Scientific and technical objectives of the project

In this project, we aim at further improving the performance of superconducting cavities by coating their inner surface with an alternating sequence of thin insulating and superconducting layers. To achieve a significant performance increase, five strategic objectives are defined:

  1. SMART was successful at ALD coating and testing a cavity with an Al2O3 insulator. This proof-of-principle experiment was a key intermediate step towards multilayer coated cavities. For the next step, the coating with a superconductor requires the design and installation of a Plasma-Enhanced Atomic Layer Deposition system (PE-ALD). Such a system allows coating of a single-cell cavity with compounds like NbTiN, NbN and AlN with the required film properties and hence, is a major objective.
  2. To compare the behavior of coated cavities with regular niobium cavities and identify potentially mandatory pre- or post-processing steps of those layers, magnetic flux trapping & field emission properties of samples will be studied. These properties are crucial for a realistic estimate of the expected performance and will be measured in dedicated set-ups.
  3. The improvements in tailoring superconducting layers of high quality, also driven by SMART, helped to extend the focus to the insulator itself and the interfaces, and hence interactions, to both superconductors. Therefore, we will carry out material, RF and numerical studies of this layer to further improve the multilayer system.
  4. To correlate material properties with RF BCS properties extensive RF testing is required. Two of the world-wide four Quadrupole Resonators (QPR) are available within this collaboration for the most in-depth studies possible (“gold standard”). To complement the QPR, a novel fast turn-around system for the same samples is to be constructed. By reducing the characterization to surface resistance vs. temperature at one frequency and low-field it can much more rapidly “pre-select” good films for efficient film development. When the most promising recipes are subsequently applied to cavities, they will be RF tested characterized with novel temperature and magnetomapping techniques.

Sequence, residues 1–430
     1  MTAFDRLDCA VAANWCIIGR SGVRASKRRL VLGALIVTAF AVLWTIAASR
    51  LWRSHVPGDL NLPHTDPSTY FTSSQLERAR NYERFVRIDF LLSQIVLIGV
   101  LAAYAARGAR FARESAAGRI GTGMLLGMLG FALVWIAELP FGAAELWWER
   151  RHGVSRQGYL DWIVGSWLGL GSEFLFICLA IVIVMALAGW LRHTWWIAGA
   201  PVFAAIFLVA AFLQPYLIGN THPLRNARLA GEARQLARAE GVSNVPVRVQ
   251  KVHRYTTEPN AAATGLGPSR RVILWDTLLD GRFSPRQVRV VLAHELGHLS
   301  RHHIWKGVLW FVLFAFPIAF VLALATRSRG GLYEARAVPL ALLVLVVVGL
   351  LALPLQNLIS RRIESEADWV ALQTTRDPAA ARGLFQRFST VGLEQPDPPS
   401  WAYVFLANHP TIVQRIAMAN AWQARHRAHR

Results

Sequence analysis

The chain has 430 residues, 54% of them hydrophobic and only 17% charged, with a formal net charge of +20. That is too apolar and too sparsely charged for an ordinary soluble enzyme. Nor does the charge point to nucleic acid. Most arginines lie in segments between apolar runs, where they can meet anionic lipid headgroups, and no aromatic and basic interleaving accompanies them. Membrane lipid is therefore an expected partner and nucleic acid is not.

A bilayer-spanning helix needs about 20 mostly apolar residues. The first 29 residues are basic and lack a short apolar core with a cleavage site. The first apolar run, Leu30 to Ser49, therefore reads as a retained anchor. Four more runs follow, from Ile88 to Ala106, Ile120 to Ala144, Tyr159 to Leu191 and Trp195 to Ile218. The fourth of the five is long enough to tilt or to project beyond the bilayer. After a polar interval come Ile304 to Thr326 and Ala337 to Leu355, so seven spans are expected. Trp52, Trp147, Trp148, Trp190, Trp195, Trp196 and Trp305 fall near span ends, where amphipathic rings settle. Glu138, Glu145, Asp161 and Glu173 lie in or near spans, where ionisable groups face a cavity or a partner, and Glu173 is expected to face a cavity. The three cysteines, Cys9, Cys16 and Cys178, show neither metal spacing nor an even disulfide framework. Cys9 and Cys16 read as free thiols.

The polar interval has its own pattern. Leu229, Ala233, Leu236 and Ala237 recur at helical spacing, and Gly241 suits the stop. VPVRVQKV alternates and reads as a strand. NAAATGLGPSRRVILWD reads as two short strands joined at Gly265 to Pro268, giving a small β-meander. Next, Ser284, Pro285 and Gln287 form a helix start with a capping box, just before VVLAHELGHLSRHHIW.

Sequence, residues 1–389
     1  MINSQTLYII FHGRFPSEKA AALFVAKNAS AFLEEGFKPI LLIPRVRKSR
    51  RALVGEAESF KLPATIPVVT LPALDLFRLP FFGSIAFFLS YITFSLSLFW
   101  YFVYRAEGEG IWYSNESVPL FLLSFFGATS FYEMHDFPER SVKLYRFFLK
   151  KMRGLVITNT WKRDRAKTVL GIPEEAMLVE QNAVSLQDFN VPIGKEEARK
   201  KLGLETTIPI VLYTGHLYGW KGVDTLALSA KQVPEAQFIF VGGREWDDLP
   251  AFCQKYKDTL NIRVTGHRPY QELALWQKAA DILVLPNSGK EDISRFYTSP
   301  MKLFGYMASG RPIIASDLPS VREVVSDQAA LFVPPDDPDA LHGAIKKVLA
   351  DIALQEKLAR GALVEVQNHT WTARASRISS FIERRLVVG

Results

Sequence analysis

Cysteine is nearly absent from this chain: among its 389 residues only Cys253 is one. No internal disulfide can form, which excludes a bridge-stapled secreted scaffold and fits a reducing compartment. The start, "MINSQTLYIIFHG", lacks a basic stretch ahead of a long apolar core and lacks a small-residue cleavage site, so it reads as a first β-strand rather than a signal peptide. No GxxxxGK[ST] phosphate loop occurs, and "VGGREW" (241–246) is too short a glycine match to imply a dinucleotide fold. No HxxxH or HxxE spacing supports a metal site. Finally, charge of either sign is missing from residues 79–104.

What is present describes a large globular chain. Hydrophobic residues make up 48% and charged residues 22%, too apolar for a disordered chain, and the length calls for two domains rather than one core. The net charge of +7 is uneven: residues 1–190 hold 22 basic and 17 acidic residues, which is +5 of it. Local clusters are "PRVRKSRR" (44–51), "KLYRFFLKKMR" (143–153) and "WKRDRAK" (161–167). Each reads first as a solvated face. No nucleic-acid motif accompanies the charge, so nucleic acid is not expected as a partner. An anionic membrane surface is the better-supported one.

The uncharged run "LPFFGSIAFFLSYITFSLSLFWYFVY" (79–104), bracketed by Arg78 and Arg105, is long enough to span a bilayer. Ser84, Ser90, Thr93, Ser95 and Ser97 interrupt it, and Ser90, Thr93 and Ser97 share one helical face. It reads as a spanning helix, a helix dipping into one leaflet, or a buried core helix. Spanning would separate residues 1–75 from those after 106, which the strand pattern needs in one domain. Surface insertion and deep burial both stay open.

5. To push the potential of this approach, another superconducting material, namely MgB2 will be studied. MgB2 has material parameters which promise an even more significant improvement of SRF cavities’ properties compared with any other currently studied material. This “blue-sky” research can be covered by the NOVALIS network almost naturally, as it is already perfectly suited for such fundamental studies on this relatively new and interesting material for SRF. Thus, the suitability of MgB2 for future studies can be explored.

These highly interlinked objectives are to be studied in various work packages. These work packages form a logical continuation of the research work carried out in the predecessor BMBF research cooperation SMART. The results obtained and knowledge gained so far, the infrastructure developed and the networks created through the funding are the basis for the achievement of these goals.